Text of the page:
The second project within the St James Mill Collection is the NUA Awards. Since 2010 three awards have been made. Each involved students from across two different courses at Norwich University of the Arts working together to create proposals against a given brief for an area on the St James Place site. The proposals were judged by a selection panel including the Principal of NUA, Professor John Last, a representative from Arts & Business, a lead artist, Caroline Jarrold from Jarrold and other representatives from the local art community and Jarrold. The winning project was then made with support from NUA staff and the lead artist. The three projects were as follows:
The third Jarrold NUA award was unveiled on 30th May 2012. It was produced by Beka Wakefield, Katy Carson and Louise Ward, year 2 textile and surface design students. The theme reflects the heritage of the company through the use of ‘found’ materials which relate to its development from an early printing company to the use of computers today. These are put together in the form of ‘cogs’ set within a resin base. Jarrolds have been delighted to work with NUA to give these students (and the other teams which made submissions) the opportunity to work on a real commission. There is also a very striking video which was part of their presentation, watch it on youtube.
For the 2011 award, the brief was to respond to the theme Baskerville. The Baskerville typeface takes its name from John Baskerville (1706 – 1775) the pioneering printer who revolutionised the printing process. It was designed in Birmingham in 1757. The winning team were BA(Hons) Visual Studies students Tessa Phillips and Rachel Hadjiphilippou.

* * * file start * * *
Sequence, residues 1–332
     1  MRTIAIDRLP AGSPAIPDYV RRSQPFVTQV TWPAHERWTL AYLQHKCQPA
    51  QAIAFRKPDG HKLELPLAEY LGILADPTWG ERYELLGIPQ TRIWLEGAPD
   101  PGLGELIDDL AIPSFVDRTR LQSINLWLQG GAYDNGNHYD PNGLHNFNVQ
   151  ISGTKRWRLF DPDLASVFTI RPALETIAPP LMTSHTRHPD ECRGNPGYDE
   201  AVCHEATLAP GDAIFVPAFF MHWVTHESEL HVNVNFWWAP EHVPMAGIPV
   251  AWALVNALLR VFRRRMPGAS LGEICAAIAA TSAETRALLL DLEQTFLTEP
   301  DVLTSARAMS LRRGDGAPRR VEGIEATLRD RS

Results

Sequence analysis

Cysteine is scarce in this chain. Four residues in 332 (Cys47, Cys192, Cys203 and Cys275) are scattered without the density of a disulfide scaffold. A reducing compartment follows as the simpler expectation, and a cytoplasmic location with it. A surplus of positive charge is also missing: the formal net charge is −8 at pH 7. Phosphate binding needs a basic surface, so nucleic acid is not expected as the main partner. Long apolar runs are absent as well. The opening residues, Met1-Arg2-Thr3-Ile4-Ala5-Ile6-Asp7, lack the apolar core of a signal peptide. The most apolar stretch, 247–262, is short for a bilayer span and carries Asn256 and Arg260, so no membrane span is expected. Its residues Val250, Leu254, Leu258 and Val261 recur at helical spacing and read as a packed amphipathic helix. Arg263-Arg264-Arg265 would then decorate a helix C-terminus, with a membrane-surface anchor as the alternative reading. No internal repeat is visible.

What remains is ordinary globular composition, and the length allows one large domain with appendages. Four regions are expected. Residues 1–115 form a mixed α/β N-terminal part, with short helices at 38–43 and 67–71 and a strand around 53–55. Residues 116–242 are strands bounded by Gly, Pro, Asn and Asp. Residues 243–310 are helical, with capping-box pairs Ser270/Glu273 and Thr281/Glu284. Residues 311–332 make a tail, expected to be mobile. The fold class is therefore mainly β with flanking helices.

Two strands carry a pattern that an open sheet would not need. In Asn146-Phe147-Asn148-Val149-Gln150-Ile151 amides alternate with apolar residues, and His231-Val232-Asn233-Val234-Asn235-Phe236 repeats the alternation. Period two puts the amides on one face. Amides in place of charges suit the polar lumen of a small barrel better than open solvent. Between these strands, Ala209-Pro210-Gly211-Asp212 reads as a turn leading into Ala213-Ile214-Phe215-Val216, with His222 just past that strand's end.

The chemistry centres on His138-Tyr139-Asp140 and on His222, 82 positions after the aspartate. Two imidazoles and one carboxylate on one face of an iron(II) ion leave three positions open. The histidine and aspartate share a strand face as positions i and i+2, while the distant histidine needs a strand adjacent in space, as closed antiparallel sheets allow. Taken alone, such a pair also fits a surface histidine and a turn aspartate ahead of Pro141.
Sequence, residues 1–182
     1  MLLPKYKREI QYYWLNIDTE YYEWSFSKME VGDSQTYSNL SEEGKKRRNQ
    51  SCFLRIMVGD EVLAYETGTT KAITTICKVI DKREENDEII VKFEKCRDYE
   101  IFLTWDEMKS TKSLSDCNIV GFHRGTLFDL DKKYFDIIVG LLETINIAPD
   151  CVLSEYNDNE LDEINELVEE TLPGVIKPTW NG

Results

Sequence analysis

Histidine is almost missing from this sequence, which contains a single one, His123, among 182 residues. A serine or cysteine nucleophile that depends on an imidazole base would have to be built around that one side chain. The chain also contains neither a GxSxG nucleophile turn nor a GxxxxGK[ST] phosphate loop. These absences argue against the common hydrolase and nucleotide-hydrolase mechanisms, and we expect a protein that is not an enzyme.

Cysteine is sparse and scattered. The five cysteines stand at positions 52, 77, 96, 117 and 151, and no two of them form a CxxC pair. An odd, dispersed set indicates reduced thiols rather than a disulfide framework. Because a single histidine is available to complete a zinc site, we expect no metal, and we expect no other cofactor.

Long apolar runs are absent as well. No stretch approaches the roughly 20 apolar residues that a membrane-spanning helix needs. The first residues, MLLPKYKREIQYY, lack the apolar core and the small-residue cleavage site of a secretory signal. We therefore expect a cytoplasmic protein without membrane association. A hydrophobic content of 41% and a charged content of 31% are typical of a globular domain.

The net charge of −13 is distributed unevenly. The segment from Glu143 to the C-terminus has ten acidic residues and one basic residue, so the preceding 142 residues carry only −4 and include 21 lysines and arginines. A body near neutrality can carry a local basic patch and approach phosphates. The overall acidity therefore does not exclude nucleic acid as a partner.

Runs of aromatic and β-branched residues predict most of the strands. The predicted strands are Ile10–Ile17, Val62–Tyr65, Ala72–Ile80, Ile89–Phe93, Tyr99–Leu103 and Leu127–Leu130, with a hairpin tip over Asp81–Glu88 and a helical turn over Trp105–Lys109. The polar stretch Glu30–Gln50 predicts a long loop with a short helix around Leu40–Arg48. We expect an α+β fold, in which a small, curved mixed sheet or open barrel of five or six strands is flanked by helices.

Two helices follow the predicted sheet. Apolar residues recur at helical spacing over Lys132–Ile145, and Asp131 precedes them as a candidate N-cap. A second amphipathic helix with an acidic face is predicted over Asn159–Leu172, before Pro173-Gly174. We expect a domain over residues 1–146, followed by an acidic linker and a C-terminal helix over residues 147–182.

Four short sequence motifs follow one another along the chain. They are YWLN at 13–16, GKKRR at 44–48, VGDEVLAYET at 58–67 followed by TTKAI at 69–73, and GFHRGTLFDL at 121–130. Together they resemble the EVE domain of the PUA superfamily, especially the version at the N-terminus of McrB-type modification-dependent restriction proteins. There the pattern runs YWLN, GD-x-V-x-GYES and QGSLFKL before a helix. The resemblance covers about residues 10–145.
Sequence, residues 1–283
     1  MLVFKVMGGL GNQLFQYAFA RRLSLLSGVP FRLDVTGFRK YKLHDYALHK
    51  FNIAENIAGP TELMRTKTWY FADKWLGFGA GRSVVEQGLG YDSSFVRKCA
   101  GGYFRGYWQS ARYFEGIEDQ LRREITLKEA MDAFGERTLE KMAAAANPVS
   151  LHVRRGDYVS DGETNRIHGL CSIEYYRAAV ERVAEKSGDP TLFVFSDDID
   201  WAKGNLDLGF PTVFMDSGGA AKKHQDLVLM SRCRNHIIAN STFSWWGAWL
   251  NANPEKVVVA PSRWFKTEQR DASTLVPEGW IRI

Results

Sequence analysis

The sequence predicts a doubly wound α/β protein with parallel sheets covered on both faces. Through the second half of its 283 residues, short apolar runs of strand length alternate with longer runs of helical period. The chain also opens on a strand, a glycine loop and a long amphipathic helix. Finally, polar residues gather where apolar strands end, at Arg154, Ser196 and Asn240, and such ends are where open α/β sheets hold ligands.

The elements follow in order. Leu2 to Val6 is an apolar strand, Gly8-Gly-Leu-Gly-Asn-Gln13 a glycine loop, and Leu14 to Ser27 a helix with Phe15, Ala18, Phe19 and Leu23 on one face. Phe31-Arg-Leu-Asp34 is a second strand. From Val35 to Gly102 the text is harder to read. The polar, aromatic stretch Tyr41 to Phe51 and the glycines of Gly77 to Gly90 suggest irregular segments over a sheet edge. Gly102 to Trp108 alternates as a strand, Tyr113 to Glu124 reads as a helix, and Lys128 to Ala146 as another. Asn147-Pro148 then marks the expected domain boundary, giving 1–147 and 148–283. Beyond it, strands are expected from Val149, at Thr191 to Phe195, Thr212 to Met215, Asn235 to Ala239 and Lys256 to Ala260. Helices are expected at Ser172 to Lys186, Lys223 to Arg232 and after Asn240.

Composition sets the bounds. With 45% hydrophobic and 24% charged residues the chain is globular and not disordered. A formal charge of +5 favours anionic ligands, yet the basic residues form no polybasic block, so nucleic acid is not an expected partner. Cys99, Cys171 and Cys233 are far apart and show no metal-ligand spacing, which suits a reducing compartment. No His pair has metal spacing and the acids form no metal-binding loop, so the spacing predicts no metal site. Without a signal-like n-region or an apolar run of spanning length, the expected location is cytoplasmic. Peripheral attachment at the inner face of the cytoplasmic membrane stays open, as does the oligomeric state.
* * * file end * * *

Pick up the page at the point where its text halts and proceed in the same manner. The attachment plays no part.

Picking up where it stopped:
Their design was inspired by the riverside setting and draws the passers-by in through a sculpture that invites speculation about the boundaries between appearance and reality. The sculpture is a glass pool with an extract from Paradise Lost etched below the surface of the glass. Paradise Lost was the first book to be printed using the Baskerville font.
The artwork was to explore the specific theme ‘Bembo’ – this is the font used in the Jarrold logo. The winning entry was ‘Yes’ by Jessica Miles, George Payne and Kate Murphy.
About the work
Taking the elegant characteristics and delicate aesthetic of Bembo as a starting point for the sculpture, this work reveals and celebrates the formal qualities of the typeface itself.
A selection of letterforms, carefully selected to show off Bembo’s distinguishing characteristics and cut from steel are arranged to spell out ‘yes’ – a work of playful positivity that knowingly considers the role of the corporate and public artwork.
The work is a genuine celebration of the craftsmanship of the compositor and a homage to the intrinsic beauty of the typeface.
Inspired by the wealth of information found within the John Jarrold Print Museum, the work relocates the spirit of the museum to the exterior site, connecting the public space to the rich history of St James Place.